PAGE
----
How do Hearing Aids Work?

How do Hearing Aids Work?

Kevin Dee, BC-HIS Hearing Loss

Kevin Dee, BC-HIS

Hearing aids have only become truly popular in the hundred years. The first hearing aids, for which a patent was registered, was worn by Queen Alexandra of England in 1901. You can imagine that hearing aids have come quiet a way since then. Even If you remember the hearing aids your grandparents may have used, which buzzed and squealed with feedback, then you may be surprised by the advancements in hearing aids in the past decade! 

Modern hearing aids the most up to date digital technology to amplify sound clearly and quickly. It is just amazing to understand how these state of the art digital sound processors work!

Modern Hearing Aids

Modern hearing aids powerful computers, which are designed and personalized to each user’s specific hearing needs. When you have your hearing tested an audiogram will determine exactly which tones and pitches you struggle with and to which degree. We will program your hearing aids to amplify only the sounds, which are required, allowing you to avoid overstressing your remaining healthy hearing capacity. 

Some hearing aids now offer features, which automatically access the listening situation of your environment and can adapt and change. This gives you the easiest, stress free listening experience. In addition, the latest hearing aids strive for comfort and style while suppressing background noise, suppressing feedback and helping to clearly amplify speech.

The Basic Components of Hearing Aids

Despite how far hearing aids have become they still have the same basic components of the hearing aids of the past. This includes three main parts: A microphone, a processor, and a loudspeaker. The microphone detects acoustic signals in your listening environment and sends them to the processor. 

The processor in turn, amplifies the sounds, converting them into electrical signals. The loudspeaker, also referred to as the receiver, sends the signal to the hearing aid user’s ear to be heard clearly with their existing hearing capacity.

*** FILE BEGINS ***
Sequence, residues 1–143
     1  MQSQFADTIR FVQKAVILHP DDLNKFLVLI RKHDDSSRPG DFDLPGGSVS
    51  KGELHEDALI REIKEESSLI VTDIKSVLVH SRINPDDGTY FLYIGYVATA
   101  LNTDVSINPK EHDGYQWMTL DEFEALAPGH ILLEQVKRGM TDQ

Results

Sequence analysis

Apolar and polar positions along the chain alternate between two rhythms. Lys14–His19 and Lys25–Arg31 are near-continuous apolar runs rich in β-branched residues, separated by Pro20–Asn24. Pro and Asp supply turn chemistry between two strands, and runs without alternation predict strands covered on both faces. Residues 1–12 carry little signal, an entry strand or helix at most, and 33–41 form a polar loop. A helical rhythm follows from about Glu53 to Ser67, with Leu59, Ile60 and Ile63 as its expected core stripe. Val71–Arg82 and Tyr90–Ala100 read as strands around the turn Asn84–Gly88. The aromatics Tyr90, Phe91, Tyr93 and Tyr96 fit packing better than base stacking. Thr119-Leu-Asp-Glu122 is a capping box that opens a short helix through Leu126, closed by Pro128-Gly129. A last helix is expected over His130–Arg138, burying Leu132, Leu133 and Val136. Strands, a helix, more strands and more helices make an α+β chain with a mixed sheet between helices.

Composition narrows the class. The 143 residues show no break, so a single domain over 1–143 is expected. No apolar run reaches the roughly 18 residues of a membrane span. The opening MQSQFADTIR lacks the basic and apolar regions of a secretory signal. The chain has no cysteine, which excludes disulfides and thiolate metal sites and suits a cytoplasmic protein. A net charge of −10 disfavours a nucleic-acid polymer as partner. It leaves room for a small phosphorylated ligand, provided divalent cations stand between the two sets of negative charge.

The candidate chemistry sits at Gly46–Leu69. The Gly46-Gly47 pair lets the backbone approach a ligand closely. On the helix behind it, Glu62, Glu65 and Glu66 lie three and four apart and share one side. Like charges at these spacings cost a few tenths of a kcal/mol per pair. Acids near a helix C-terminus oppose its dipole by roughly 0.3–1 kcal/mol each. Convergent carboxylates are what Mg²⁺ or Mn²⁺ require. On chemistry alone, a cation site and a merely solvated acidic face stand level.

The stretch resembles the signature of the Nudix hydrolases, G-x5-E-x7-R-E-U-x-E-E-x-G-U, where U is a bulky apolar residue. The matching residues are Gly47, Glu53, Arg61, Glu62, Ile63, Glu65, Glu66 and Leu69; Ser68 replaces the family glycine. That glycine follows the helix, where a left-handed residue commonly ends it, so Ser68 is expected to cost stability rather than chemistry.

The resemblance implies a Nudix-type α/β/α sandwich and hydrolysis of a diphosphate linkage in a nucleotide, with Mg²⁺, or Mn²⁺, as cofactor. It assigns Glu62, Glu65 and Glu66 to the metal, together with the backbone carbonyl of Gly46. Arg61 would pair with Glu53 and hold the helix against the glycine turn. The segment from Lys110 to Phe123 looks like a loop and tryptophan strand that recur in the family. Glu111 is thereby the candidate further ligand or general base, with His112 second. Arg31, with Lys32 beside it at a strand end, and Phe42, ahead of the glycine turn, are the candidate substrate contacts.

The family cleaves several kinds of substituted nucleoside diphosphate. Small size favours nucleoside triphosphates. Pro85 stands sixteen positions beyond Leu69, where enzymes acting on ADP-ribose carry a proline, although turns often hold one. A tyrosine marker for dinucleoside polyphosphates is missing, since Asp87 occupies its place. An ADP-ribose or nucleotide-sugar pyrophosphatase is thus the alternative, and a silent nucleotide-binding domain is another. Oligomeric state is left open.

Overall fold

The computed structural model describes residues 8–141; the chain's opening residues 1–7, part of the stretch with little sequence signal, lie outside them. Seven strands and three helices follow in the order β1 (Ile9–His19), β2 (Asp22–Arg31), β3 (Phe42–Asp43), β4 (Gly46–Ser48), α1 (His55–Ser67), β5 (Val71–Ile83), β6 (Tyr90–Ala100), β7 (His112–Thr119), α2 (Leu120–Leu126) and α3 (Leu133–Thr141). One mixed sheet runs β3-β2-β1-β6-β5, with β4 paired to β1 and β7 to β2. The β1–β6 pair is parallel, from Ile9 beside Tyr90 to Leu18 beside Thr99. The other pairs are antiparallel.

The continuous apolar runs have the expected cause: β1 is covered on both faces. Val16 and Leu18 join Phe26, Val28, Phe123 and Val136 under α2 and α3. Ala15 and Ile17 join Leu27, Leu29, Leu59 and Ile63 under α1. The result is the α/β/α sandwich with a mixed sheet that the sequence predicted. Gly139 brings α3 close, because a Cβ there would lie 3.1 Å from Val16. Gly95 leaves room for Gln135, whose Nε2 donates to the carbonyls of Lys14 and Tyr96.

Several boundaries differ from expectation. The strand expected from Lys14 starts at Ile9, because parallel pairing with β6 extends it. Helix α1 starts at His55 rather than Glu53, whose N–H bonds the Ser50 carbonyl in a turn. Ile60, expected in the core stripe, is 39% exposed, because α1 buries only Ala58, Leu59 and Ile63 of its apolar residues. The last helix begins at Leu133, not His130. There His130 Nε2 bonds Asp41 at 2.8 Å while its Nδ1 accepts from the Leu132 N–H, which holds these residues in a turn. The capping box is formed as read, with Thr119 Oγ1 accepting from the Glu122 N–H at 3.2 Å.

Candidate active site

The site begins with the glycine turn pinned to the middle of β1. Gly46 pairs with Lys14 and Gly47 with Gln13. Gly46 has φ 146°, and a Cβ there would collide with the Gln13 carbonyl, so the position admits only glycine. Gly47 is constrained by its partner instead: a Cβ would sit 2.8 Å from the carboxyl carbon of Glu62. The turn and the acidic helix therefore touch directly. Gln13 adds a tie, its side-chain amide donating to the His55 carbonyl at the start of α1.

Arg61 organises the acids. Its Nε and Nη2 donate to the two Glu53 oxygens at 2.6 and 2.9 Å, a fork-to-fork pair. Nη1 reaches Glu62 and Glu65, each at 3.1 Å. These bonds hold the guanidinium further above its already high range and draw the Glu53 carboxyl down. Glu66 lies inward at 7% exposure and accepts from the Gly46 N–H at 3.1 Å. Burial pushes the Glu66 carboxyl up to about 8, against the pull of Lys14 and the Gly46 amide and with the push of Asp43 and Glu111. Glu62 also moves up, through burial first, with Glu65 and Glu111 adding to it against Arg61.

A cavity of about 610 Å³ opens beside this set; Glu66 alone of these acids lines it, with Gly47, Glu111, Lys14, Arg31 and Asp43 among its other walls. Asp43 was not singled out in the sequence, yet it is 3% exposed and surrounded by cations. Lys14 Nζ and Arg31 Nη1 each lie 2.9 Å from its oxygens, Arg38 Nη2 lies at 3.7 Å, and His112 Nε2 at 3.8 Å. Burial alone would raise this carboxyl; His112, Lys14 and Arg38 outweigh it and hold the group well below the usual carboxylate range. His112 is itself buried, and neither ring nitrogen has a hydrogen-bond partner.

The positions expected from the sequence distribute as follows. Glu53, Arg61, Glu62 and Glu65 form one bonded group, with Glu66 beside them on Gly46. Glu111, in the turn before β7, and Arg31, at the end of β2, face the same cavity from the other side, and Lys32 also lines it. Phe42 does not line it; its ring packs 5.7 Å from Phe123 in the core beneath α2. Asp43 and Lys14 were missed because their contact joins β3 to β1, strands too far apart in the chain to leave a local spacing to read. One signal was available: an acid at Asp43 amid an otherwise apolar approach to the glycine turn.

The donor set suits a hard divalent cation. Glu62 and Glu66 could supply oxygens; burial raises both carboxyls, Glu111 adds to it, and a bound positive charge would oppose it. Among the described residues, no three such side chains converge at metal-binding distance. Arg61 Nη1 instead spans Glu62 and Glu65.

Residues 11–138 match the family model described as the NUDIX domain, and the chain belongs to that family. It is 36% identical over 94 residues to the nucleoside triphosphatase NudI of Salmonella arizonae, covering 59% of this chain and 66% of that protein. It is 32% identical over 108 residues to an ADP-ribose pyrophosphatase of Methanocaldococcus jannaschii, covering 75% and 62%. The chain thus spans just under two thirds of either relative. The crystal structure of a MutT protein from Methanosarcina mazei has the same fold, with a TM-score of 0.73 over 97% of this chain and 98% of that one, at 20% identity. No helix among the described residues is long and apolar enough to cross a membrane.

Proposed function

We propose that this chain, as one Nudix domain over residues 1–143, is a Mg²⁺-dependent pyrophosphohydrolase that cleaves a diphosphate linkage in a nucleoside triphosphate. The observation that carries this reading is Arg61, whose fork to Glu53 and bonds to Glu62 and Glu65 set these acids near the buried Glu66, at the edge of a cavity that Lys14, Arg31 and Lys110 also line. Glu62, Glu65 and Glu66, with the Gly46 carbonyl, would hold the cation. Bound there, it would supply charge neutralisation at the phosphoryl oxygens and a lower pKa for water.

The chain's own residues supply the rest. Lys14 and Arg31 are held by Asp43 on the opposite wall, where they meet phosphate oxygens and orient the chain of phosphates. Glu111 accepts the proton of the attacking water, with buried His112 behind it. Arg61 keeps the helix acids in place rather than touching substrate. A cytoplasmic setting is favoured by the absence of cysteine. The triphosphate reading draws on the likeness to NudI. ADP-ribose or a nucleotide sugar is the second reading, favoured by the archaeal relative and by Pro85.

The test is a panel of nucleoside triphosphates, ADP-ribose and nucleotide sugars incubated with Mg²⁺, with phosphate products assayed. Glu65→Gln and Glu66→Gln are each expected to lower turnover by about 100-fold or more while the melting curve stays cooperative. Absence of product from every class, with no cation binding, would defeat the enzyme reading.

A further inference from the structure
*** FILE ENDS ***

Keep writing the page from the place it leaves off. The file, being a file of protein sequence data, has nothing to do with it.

Hearing Aids are Not Just Amplifiers

When you struggle with hearing loss, sounds don’t just sound more quiet than before. In many instances the tiny hairs of the inner ear become damaged diminishing certain tones or pitches. This can make it hard to hear someone who speaks deeply or has a high-pitched voice. It can also make certain consonants to be diminished affecting ability to follow conversation. Hearing aids don’t make sounds louder but clarify by amplifying just the sounds you require to follow and understand conversation.


Discerning volume

Your hearing aids will work for you to make sure that you only amplify the sounds you need. If every sound was amplified you may actually risk damaging your ears further. For instance, if an emergency siren were amplified as loud as the pitches you need to certain aspects of conversation, the volume would be unbearable. Adaptive technology can make sure to also protect your ears by keeping the amplification of your modern hearing aids at a safe level to avoid further hearing damage.
  

Suppressing Background Noise 

Every listening environment is different. When you are in a quiet room vs. out on the street you will require different amplification from your hearing aids. For instance, if you are in a busy store and trying to hear the cashier amongst countless other conversations this can be a huge challenge. 

One way that modern hearing aids achieve this is by filtering out background noise. They strive to improve speech comprehension in different situations by detecting the listening environment and adapting hearing features. 

For instance many hearing aids now come equipped with the ability to cancel out noise that is not coming from directly in front of you, making it easier to hear a person you are looking at while blocking out other distracting conversations. They may also have refined listening programs for helping navigate street noise or the nuances of music if you are a musician.

Other technological aids

Today’s hearing aids are also being designed to interface and interact with other forms of technology we use regularly. Many hearing aids can wirelessly connect to your Smartphone or TV to send audio information from your favorite media directly to your ears. This eliminates the need to turn up the volume. Often hearing aids can even be adjusted directly from your smartphone making it possible to make adjustments to your hearing aids without having to visit the office.

Explore the Future of Hearing

Find out just what hearing aids have to offer these days. If you are a first time hearing aid user or it’s time for an upgrade contact us to discover your options and find out exactly what your hearing aids can offer you.